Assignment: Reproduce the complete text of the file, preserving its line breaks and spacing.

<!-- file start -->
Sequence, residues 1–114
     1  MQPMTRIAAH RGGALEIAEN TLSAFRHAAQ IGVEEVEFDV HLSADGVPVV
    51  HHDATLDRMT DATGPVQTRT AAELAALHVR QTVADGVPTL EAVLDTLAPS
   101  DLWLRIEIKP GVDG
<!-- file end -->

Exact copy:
Sequence, residues 1–114
     1  MQPMTRIAAH RGGALEIAEN TLSAFRHAAQ IGVEEVEFDV HLSADGVPVV
    51  HHDATLDRMT DATGPVQTRT AAELAALHVR QTVADGVPTL EAVLDTLAPS
   101  DLWLRIEIKP GVDG